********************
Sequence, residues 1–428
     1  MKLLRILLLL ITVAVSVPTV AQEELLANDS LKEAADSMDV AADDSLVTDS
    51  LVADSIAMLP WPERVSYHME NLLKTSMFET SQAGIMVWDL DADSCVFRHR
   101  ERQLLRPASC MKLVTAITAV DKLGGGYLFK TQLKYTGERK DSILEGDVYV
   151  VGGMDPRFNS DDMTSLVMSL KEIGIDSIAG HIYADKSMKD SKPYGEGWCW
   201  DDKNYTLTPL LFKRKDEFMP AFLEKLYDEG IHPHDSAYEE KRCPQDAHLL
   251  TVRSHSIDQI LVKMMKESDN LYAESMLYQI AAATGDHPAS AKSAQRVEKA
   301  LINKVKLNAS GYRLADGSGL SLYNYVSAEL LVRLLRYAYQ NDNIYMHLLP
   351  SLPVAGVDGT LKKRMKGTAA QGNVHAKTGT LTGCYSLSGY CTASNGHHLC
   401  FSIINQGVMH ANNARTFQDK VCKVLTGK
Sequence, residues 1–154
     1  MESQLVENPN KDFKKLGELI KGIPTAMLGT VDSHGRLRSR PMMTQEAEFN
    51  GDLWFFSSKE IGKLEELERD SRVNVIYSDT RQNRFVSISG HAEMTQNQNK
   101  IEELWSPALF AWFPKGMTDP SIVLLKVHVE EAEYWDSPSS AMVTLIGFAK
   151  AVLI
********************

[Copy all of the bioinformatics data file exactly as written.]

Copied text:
Sequence, residues 1–428
     1  MKLLRILLLL ITVAVSVPTV AQEELLANDS LKEAADSMDV AADDSLVTDS
    51  LVADSIAMLP WPERVSYHME NLLKTSMFET SQAGIMVWDL DADSCVFRHR
   101  ERQLLRPASC MKLVTAITAV DKLGGGYLFK TQLKYTGERK DSILEGDVYV
   151  VGGMDPRFNS DDMTSLVMSL KEIGIDSIAG HIYADKSMKD SKPYGEGWCW
   201  DDKNYTLTPL LFKRKDEFMP AFLEKLYDEG IHPHDSAYEE KRCPQDAHLL
   251  TVRSHSIDQI LVKMMKESDN LYAESMLYQI AAATGDHPAS AKSAQRVEKA
   301  LINKVKLNAS GYRLADGSGL SLYNYVSAEL LVRLLRYAYQ NDNIYMHLLP
   351  SLPVAGVDGT LKKRMKGTAA QGNVHAKTGT LTGCYSLSGY CTASNGHHLC
   401  FSIINQGVMH ANNARTFQDK VCKVLTGK
Sequence, residues 1–154
     1  MESQLVENPN KDFKKLGELI KGIPTAMLGT VDSHGRLRSR PMMTQEAEFN
    51  GDLWFFSSKE IGKLEELERD SRVNVIYSDT RQNRFVSISG HAEMTQNQNK
   101  IEELWSPALF AWFPKGMTDP SIVLLKVHVE EAEYWDSPSS AMVTLIGFAK
   151  AVLI